Mardi Gras is an old celebration and tradition that goes back to medieval Europe, to the Carnivals in Rome, Venice, and the French House of Bourbons in the 17th and 18th centuries. Mardi Gras comes from French, Mardi–Tuesday Grass–Fat or Fat Tuesday.

This tradition traveled to the United States in 1699 when the French-Canadian explorer Jean Baptiste Le Moyne, Sieur de Bienville, arrived in America about 60 miles (96.56 km) south of New Orleans and named this place “Pointe du Mardi Gras.” This is where the first Mardi Gras Carnival took place in 1703.

Then, when New Orleans was established in 1718, it became the center of Mardi Gras, first with elegant society balls and then with parades thanks to a secret organization. Yes, secret!

The “Masque de la Mobile,” similar to the current Krewes, organized the parades. Then, the “Boeuf Gras Society” managed the parades. Then, by 1856, the Mistick Krewe of Comus brought the Mardi Gras magic and traditions to New Orleans.

In 1872, a group of businessmen invented the “King of Carnival or Rex” and adopted the traditional Mardi Gras colors purple, green, and gold because the king needed a flag and a coat of arms with colors and metals. Gold is the perfect metal for a king; purple is a royal color, and green is a good match. So, purple means justice, green stands for faith, and gold means power.

Many more traditions have come to life ever since.

Masks are an old Mardi Gras tradition that comes from medieval Europe. They are usually colorful, sometimes with feathers, brilliant ornaments, or both. Today, everyone wears masks in Mardi Gras, which are always fun to use.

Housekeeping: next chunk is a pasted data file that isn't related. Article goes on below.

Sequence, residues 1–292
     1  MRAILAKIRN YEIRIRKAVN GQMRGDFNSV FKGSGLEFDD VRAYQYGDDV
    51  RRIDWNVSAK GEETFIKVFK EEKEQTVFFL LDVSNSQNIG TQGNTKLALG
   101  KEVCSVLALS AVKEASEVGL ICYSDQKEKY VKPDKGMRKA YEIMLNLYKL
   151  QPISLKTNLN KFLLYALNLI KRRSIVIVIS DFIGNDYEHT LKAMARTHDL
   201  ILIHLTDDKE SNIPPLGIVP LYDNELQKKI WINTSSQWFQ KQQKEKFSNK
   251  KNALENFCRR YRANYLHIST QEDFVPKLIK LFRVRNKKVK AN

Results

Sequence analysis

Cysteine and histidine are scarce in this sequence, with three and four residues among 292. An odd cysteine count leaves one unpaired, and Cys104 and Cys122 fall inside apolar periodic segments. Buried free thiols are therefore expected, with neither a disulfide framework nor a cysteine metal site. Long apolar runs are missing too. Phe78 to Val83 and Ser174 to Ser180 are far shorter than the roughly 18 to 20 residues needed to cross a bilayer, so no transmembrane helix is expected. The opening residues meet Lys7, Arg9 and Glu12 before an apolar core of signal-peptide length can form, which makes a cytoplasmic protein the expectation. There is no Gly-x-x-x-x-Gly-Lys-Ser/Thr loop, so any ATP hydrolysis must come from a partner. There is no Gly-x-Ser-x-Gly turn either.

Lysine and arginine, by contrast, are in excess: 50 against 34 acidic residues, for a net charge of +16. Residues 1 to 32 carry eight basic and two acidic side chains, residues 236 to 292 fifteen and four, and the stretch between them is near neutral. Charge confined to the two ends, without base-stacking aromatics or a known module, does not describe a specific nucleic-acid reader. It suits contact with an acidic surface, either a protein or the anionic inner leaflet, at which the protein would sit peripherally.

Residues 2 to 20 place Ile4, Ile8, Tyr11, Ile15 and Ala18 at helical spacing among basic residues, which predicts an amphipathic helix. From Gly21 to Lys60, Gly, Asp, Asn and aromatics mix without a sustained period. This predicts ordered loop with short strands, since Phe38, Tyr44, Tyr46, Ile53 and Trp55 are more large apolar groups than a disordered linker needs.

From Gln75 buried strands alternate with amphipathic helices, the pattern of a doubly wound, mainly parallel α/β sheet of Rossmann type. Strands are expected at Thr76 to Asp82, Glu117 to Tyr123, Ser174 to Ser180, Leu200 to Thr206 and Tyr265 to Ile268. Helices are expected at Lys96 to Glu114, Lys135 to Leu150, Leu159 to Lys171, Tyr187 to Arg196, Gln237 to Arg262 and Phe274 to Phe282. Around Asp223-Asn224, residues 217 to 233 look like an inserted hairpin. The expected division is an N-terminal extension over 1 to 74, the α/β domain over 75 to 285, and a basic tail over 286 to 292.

The King Cake is a delicious Mardi Gras tradition. According to Christians, Jesus first showed himself to the three Magic Kings on January 6th. Hence, the King season begins. Traditionally, there is a plastic baby inside the King Cake, and the lucky one who gets the piece of cake with the baby will be the organizer of the next King Cake party.

The giant Mardi Gras floats are incredibly colorful and a tradition. I can’t imagine a parade without them.

Balls and shows that the Krewes organize are also traditional in Mardi Gras. Speaking of Krewes, they are the organizations in charge of organizing and funding Mardi Gras. 

Let me tell you another great tradition: The Throws. What are “throws?” Well, they are items that Krewe members on floats throw to people during the parade. Throws are often doubloons, beads, cups, homemade trinkets, toys, and many more fun things. No wonder why New Orleans’ people call Mardi Gras the “Greatest Free Show on Earth!”